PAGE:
The fate of the Islamic State

Likelihood of IS gaining a foothold in Pakistan cannot be disregarded outright

Saad Saud December 13, 2014

In October, six Taliban commanders pledged allegiance to Abu Bakr al-Baghdadi, the self-anointed emir of the Islamic State, which aspires to unite Muslims worldwide under the transnational umbrella of a caliphate. This was followed by the proliferation of paraphernalia sympathetic to the cause of the IS across the length and breadth of Pakistan, coupled with a warning from the Muttahida Qaumi Movement chief Altaf Hussain regarding the threat posed by the IS to the nation.

While Pakistan possesses all the key attributes required to provide groups of the IS’s ilk with a conducive environment, one can derive solace from the knowledge that the Islamic State is destined to eventually lose steam. The history of the Muslim world is replete with instances epitomising the failure of transnational movements to coalesce regions that are historically distinct, culturally conspicuous and theologically plural into a unified territorial unit.

Historically, the territories comprising the Muslim world have remained differentiated politically. For example, the fighting prowess of the Ikhwan, coupled with certain religious teachings engendered the rise of Saudi Arabia, the third Saudi state, covering most of the Arabian Peninsula. In contrast, the emergence of Bangladesh as a sovereign state can be traced back to linguistic nationalism, economic disparity and political disenfranchisement.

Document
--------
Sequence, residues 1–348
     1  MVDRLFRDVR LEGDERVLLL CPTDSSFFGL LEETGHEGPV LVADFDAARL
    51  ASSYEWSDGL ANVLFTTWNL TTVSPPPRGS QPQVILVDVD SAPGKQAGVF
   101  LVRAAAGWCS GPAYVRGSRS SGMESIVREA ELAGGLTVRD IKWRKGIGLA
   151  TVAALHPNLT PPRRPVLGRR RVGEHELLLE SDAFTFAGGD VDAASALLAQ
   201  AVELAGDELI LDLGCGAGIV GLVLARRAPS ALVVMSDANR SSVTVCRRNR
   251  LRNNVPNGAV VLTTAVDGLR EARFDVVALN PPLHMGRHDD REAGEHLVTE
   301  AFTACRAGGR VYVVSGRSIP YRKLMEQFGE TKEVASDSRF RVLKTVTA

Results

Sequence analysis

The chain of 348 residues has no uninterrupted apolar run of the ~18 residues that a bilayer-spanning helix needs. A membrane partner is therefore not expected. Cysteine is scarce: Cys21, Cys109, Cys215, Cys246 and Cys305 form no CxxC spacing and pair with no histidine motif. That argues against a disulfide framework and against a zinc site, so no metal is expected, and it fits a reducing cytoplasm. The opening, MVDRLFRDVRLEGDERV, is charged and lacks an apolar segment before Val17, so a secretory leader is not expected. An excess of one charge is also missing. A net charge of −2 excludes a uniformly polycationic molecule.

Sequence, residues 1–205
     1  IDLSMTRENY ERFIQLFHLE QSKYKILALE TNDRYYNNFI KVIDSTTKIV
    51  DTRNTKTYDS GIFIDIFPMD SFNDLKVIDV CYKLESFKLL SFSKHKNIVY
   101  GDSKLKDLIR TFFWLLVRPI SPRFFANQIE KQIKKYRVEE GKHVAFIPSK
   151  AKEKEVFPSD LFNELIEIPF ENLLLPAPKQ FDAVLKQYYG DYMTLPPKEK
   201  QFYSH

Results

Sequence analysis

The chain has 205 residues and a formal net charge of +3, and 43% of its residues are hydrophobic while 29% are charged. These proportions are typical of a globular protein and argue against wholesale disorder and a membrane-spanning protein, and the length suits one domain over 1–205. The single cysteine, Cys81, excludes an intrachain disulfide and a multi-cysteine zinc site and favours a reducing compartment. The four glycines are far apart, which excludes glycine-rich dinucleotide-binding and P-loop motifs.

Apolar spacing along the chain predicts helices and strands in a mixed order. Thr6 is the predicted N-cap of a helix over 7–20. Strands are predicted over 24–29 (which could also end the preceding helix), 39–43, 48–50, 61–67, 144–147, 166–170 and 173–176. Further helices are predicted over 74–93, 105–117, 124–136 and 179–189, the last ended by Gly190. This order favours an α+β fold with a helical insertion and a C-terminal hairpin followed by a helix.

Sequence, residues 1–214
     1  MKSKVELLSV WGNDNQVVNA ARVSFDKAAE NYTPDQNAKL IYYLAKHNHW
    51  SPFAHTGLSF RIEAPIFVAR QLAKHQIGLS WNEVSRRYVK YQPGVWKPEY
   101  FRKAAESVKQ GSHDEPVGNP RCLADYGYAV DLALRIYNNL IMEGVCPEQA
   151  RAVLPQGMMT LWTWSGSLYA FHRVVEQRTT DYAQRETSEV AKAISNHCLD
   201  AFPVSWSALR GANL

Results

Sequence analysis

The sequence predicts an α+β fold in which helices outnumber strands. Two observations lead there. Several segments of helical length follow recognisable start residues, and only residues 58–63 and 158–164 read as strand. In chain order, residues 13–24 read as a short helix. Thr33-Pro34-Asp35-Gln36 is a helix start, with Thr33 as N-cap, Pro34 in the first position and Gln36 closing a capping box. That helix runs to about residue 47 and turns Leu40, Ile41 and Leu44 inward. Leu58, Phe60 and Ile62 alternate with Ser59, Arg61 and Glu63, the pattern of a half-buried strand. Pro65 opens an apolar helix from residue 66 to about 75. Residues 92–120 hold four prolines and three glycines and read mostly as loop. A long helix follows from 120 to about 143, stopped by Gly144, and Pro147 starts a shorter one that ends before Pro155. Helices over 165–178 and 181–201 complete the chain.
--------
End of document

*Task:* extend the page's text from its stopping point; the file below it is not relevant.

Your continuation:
Culturally, as Mani Shankar Aiyar points out in Confessions of a Secular Fundamentalist, the advent and spread of Islam as a religion in large swathes of the world culminated in the rise of a novel way of life and a prototype of statecraft that succeeded in consigning everything indigenous to recipient cultures to the pages of history. However, in the Indian subcontinent, Hinduism managed to withstand the revolutionary message and fighting prowess of Islam despite the passage of 700 years of Muslim rule, fostering the rise of a syncretic culture peculiar to India.

Moreover, theological opinions on questions of pivotal importance tend to be irreconcilable within the Muslim world. A committee constituted by the Government of Pakistan to probe the Punjab disturbances of 1953 explicated the conundrum of instituting an Islamic state by underscoring the inability of the learned divines of the nation to unanimously concur on the defining characteristics of a Muslim.

While the likelihood of the Islamic State gaining a foothold in Pakistan cannot be disregarded outright, one can certainly draw comfort from the fact that a transnational endeavour that seeks to unite diverse peoples through a theocratic instrument is bound to unravel before the forces of history, culture and pluralism.

Published in The Express Tribune, December 13th, 2014.


Adeel Gardezi | 8 years ago | Reply

The author has very comprehensively given the account of transnational movements inspired by religious theology fading into the pages of history. Nonetheless the most disturbing element in our society that may play a pivotal role in giving a foothold to IS is the intolerance to other sects and beliefs. Over a period of time, nurturing hatred has become far easier than sowing love and tolerance. Such nurseries of unravelling divide among followers of religion of peace has already caused unprecedented damage to peace and harmony of society. Adding fuel to the fire is foreign support fueling the feud among masses.

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